But the forward’s close work with Wickenheiser has been instrumental.

“I think I was one of the first players she’s really worked with since she got promoted to her new role,” Steeves says.

“We learned a lot from each other. I think in some ways I was probably a bit of a guinea pig for her. I think her and I are pretty similar in terms of our mental approach. Obviously, she’s had a much better career than I could probably dream of. I consider her someone I look forward to working with every day, and it’s definitely lucky for the organization to have someone like her.”

Steeves vows to one day earn his outstanding credits and graduate from Notre Dame’s prestigious Mendoza College of Business, but in the meantime, his sights are fixed on pro hockey.

“For training camp, what my goal has been and what it will continue to be is: be the best version of myself, compete really hard, and make it really hard on the Leafs to turn me down,” Steeves says.

“I feel strong. I feel explosive. … It’s fun.”

The Leafs are a long shot for the fall, but if Steeves can thrive with the Marlies, who knows how far his drive can take him?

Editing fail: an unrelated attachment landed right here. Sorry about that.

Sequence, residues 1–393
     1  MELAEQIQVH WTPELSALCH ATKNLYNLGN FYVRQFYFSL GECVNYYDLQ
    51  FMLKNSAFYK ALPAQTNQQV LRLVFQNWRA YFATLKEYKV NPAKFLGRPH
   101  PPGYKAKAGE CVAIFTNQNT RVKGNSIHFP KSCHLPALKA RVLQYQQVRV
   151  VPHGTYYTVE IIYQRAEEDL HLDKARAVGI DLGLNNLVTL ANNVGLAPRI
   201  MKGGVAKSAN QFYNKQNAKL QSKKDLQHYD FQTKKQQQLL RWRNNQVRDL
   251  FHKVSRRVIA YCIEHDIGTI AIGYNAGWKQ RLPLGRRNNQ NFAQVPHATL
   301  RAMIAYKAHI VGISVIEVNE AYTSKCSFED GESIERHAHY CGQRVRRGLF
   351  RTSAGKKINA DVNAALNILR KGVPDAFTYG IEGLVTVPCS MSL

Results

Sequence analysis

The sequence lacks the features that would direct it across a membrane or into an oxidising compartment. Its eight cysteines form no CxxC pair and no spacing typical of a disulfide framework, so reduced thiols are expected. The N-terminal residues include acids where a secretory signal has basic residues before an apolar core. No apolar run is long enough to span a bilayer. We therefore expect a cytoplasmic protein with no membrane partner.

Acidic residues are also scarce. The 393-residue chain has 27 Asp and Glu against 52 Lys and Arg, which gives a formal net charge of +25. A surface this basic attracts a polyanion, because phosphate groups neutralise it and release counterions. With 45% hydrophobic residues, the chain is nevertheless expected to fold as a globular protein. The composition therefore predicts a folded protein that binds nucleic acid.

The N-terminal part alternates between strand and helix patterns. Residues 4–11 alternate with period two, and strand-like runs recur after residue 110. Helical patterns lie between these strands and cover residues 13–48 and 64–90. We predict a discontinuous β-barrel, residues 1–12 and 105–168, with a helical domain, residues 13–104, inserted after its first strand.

“He’s got a good shot. He’s very strong. He’s powerful,” Wickenheiser said. “Can he make plays under pressure at the next level?”

Robertson is on another level

The gap between Nick Robertson, who celebrated his 20th birthday mid-camp, and the rest of the prospect pack is significant.

Robertson is treating his third development camp less as a chance to learn and more as an opportunity to ramp up his own confidence and conditioning heading into Toronto’s NHL camp.

“One thing that gets overshadowed when it comes to evaluation is my leadership,” Robertson said.

The left winger led off practically every drill, lit the lamp regularly in scrimmages, and could be seen engaging and encouraging the younger skaters. He has gone out of his way to joke around with the newcomers and make sure they show up on time.

On the (rare) occasion that Robertson fumbled a puck, he might curse himself loud enough for the bleachers to hear.

“Off the ice, I really appreciate his killer instinct, his mentality. You can tell just looking at him that he’s a super-driven person. I just appreciate that because I’m the same way, and I’ve been told at times that I’m too intense all the time,” says Steeves, fast finding chemistry on Robertson’s line Monday.

“On the ice, pick your poison. He’s a very talented skater. He’s low to the ice. He’s got really good goal-scoring ability, and he’s flying out there.”